“People are actually coming down to me and as they’re finding out what is happening at Toondah Harbour, they have grave concerns,” Cr Boglary said.

“They’re asking me ‘why aren’t I speaking out?’ and ‘why aren’t I representing them?’.

“So I feel like I’m letting my community down, which isn’t something I take lightly.”

Mayor Williams told the ABC confidentiality agreements protected the ratepayers as well as the companies who had signed contracts with the council.

She said the area needed investment in infrastructure, which a large project like the Walker Corporation’s would bring.

“We’re a city of islands, so we need to have transport hubs that connect our mainland to our communities on Russell Island right through to North Stradbroke Island,” Mayor Williams said.

Bar-tailed godwits fly low to the water, some standing on a sand bar in the harbour.Photo: Bar-tailed godwits in flight over Toondah Harbour. (Supplied: Chris Walker)

Political heavyweights bear down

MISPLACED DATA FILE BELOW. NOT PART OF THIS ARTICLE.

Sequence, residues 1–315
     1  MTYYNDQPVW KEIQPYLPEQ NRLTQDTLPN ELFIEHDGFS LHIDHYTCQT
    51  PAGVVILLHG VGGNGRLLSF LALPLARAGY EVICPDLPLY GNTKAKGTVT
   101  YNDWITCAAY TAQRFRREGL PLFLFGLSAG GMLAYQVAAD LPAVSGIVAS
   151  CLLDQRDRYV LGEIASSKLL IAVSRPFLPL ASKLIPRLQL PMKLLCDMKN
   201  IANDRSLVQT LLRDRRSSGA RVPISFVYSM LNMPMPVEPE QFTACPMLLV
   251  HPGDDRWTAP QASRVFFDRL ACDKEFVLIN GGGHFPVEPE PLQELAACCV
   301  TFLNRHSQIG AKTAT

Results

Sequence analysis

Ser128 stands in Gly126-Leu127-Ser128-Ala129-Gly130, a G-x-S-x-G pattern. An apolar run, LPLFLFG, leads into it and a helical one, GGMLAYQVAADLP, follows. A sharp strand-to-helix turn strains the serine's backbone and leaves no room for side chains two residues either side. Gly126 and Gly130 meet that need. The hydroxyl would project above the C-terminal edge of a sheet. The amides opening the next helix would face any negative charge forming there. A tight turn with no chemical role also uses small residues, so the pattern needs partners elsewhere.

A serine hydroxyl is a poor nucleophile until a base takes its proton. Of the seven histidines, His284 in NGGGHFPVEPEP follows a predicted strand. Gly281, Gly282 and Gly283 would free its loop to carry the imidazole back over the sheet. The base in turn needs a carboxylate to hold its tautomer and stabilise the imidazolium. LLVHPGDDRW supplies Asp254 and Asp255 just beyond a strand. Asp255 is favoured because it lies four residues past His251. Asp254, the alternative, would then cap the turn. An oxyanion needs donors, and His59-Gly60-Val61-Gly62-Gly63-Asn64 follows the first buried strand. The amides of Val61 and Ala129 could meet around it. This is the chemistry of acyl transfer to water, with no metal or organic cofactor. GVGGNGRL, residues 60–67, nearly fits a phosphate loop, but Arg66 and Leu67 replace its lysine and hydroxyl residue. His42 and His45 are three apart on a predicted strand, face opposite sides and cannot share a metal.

With the council locked in, the Queensland Labor government endorsed the project in 2015.

But because the proposed development was on Ramsar-listed wetland, it had to be referred to the federal government for approval.

A development of this scale or impact had never been approved on a Ramsar-listed site in Australia.

Inside the federal environment department, which is required to provide impartial, expert advice on environmental issues, the alarm bells were going off.

In April 2016 Matt Cahill, one of the most senior bureaucrats in the department, wrote to Walker Corporation executive Peter Saba making clear what his experts thought of the project.

“The Department intends to advise the Minister to make a decision that the proposal in its current form is clearly unacceptable,” the letter said.

In other words, the department’s key advisers believed the proposal should be struck out immediately.